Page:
Palaces in the sky: Dark Roasted Blend recently celebrated the incredible visions of French science fiction comics from the 1970s, which American and British directors mimicked in comics and cinema in the 1980s and 1990s. Image Source: Jean-Claude Mézières via Dark Roasted Blend (Hat tip: Me and You and a Blog Named Boo).
On 27 February 2015, Richard Branson encouraged entrepreneurs to come forward to share and expand new ideas. That's great, although some of the big biz riffing around the future celebrates the new idea of the new idea. One never actually gets to a new idea. The out-of-control lingo-about-lingo about the newness-of-newness reminds me of the explosion of Postmodern Expert Speak in the 1990s, which constructed new foundations of intellectual cultural authority.
The Valérian and Laureline "series focuses on the adventures of the dark-haired Valérian, a spatio-temporal agent, and his redheaded female companion, Laureline, as they travel the universe through space and time." Above, "Baroque spaceships (complete with ghost-ridden halls and gargoyles sticking out into the void of space)." Image Source: Dark Roasted Blend.
Mr. Branson quoted commenter Jason Silva, a photogenic Gen Y guru, who is a one-man meme generator and Singularity freestyle philosophical poet. He is compelling and makes good points, but there is something weird about the way he takes the Tech Revolution so literally and with such breathless utopian fervour. His clever rants reach height after height against IMAX effects. His videos are fantastic, if you like the Singularity Themepark Channel. His Youtube commentaries are part of the TestTube Network, which shares an unreflective undergraduate confidence that its contributors can fix the world, or at least understand it, if they edit it and add a soundtrack to it.
Silva's enthusiasm reminds me of the glassy-eyed idealism around the founding of America, or the Revolution in France. He joyously accepts the demolition of temporal boundaries and celebrates breaches of physical and cognitive limitations. He lacks a sense of Techno-Irony about the separate virtual lives enjoyed by his Online Language and Online Ego. To illustrate how Silva can be pithy yet simultaneously hollow, compare his Existential Bummer (the last video below) about death and a life beyond with another writer on similar topics. See Kate Sherrod's Story Sonnets: Infected (24 February 2015) and Who's the Real Crook Here? (23 February 2015).
Here are some of Silva's buzzmemes :
- Lucid dreams
- Ontological design
- The abstract kingdom of ideas
- The adjacent possible
- Actualizing the human imagination
- Ecstatic technicians of the sacred
- We are the frontal lobes of the Universe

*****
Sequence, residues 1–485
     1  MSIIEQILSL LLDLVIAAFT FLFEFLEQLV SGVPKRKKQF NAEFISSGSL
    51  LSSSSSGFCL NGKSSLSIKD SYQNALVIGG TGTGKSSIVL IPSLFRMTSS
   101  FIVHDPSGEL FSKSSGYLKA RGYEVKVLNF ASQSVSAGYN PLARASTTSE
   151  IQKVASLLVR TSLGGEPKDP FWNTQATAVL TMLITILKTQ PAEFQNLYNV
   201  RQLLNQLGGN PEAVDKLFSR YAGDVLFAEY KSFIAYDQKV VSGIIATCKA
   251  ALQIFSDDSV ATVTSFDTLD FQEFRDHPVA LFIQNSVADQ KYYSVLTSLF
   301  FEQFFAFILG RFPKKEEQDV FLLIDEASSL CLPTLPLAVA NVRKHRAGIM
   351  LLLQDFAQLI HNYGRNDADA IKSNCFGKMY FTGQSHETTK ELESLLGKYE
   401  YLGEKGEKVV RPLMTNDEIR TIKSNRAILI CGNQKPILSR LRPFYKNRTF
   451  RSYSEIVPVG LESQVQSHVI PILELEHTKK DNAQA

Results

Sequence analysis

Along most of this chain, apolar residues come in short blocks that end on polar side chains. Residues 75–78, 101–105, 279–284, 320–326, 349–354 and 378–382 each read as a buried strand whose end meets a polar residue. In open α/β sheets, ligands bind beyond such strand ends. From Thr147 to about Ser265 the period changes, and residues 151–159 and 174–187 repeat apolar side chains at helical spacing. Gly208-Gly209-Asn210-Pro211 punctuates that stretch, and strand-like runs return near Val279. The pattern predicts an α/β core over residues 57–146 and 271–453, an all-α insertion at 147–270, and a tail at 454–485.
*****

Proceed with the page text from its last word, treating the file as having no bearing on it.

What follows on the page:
- Iphone, therefore I am
- The Cognitive Technology of Storytelling
- Dictionary of Obscure Sorrows
"Just as the biosphere stands above the world of nonliving matter, so an 'abstract kingdom' rises above the biosphere. The denizens of this kingdom? Ideas."In this deluge of contagious Millennial Enlightenment language, we will soon need someone to invent a Chomskybot for our times, if only to point out that the profound language of breakthrough change can bewitch us and become a powerful end in itself. We need to get a little more post-Postmodern here. How about the Singularity Memespeak TEDx Talk Generator?
Jason Silva began his project, Shots of Awe, in May 2013, featuring "shots of philosophical espresso ... inspired nuggets of techno-rapture." Video Source: Youtube.
Jason Silva welcomes us to Oz: "A cyclone of unorthodox ideas capable of lifting almost any brain out of its cognitive Kansas." Video Source: Youtube.
Jason Silva: The singularity (pant, pant), will actualize the human imagination. Video Source: Youtube.
Silva quotes neo-gnostic Erik Davis: "We are beset with a thirst for meaning and connection that centuries of skeptical philosophy, hardheaded materialism cannot eliminate... today we turn to 'the cosmic awe conjured by science fiction, or the outer-space snapshots of the Hubble telescope as it calls forth our ever-deeper, ever-brighter possible selves.'" Video Source: Youtube.
Silva's Existential Bummer hints that putting yourself out there in the exciting merger between organic and mechanic might transcend one's limited existence, quoting Ernest Becker: "Man is literally split in two: he has an awareness of his own splendid uniqueness in that he sticks out of nature with a towering majesty, and yet he goes back into the ground a few feet in order blindly and dumbly to rot and disappear forever." Video Source: Youtube.